Video: Ceylan’s Faces
With a camera that brings us beyond the surface and into soul, Nuri Bilge Ceylan may be one of the greatest directors of faces in movie history. A video essay/portrait gallery of three Ceylan films makes the case.
Who are the greatest directors of faces in movie history? When you think of great films that could double as portrait art, there’s Carl Dreyer’s The Passion of Joan of Arc, Ingmar Bergman’s Persona, and just about any film by Federico Fellini or Robert Bresson, to name a few. Of course there are countless movies graced by memorable faces, enabled by expressive performers and highly talented cameramen and crew. But what sets the films listed above apart from the glamourous pack is a specific, individualized way of looking at a face. It’s a vision that does more than express beauty, but conveys an idea of people and how to look not just at them, but into them.
All of those aforementioned directors have passed on, so who today carries this torch? Although I’ve previously paid tribute to the unmistakable portrait art talents of Steven Spielberg, here I bring attention to the recent work of Nuri Bilge Ceylan, arguably the most accomplished filmmaker to ever emerge from Turkey. His last four films have all won prizes at the Cannes Film Festival, with the most recent, Once Upon a Time in Anatolia, sure to make many top ten lists this year. (Ceylan will be receiving Cannes Directors’ Fortnight Carrosse d’Or prize in 2012.)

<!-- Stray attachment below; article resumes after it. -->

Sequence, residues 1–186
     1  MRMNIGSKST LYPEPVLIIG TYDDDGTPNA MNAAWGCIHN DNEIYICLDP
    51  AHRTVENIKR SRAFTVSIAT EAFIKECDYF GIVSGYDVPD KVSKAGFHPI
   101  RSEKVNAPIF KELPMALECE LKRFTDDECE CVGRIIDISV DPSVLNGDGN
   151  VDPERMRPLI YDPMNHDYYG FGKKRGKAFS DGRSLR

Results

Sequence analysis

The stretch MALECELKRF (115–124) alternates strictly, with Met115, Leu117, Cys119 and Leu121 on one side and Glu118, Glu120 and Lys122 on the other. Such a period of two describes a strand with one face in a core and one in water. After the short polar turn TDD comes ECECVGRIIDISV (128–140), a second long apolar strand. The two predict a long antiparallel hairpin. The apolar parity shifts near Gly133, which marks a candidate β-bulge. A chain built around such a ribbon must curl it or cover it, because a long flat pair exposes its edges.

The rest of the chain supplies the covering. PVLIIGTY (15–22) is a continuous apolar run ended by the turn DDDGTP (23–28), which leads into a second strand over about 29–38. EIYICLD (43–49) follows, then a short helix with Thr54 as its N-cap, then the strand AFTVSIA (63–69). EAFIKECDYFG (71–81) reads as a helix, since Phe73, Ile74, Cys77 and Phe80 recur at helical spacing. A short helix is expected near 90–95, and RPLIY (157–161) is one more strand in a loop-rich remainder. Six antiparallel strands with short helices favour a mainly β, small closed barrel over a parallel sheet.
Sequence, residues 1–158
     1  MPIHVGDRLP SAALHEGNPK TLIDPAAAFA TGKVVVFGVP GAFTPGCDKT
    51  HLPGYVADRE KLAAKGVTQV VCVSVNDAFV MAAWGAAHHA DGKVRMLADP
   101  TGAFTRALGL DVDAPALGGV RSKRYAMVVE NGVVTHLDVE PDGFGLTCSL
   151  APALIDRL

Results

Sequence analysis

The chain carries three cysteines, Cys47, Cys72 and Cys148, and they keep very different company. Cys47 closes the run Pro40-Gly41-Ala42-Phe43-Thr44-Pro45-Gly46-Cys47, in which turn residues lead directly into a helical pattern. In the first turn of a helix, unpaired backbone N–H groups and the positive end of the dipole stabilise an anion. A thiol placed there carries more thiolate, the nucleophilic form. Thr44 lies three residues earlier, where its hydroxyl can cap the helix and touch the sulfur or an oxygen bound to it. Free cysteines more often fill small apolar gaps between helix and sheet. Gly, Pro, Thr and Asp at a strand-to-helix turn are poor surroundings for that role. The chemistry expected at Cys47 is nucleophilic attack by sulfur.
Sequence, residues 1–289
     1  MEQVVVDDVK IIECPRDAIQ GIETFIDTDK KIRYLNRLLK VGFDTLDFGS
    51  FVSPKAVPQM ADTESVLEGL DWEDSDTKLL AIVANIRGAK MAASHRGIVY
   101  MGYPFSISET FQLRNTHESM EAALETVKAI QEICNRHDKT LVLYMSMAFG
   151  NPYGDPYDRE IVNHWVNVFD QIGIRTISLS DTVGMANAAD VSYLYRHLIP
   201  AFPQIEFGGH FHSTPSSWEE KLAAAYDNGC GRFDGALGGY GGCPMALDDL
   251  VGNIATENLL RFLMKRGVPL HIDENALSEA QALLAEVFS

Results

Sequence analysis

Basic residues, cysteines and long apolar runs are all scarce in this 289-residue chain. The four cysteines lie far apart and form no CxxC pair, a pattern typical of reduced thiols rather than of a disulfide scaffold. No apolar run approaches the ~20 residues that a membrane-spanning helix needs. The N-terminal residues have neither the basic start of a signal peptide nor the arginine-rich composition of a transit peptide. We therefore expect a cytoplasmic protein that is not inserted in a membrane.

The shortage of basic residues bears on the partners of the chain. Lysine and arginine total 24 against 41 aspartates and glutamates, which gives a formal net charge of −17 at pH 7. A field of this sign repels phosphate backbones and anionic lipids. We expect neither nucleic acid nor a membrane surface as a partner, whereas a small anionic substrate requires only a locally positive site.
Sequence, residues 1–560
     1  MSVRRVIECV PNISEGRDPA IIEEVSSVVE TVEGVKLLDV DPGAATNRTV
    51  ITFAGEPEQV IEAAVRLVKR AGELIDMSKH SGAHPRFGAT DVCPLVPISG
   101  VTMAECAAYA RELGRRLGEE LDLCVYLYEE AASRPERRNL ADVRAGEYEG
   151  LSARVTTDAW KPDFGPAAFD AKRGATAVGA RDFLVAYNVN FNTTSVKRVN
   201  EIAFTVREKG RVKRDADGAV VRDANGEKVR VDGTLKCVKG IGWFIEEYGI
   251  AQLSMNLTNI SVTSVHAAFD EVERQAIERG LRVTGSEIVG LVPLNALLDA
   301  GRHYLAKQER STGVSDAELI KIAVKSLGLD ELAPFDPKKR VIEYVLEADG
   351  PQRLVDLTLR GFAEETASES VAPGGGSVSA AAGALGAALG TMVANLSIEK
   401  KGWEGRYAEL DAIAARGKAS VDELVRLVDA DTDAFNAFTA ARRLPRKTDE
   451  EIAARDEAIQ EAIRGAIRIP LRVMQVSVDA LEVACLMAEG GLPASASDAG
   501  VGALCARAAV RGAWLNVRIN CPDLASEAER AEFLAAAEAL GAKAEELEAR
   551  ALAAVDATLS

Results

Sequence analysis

Ceylan’s image-manipulating abilities come to the fore in ‘Three Monkeys:’ Note the trickle of sweat moving upwards along the son Ismail’s forehead, leading to a memory flashback of his dead brother. Shot on HD, there’s great sensitivity to the slightest nuances of expression: Watch Ismail’s face dissolve into a anguished crumple of lines upon hearing his brother call out to him.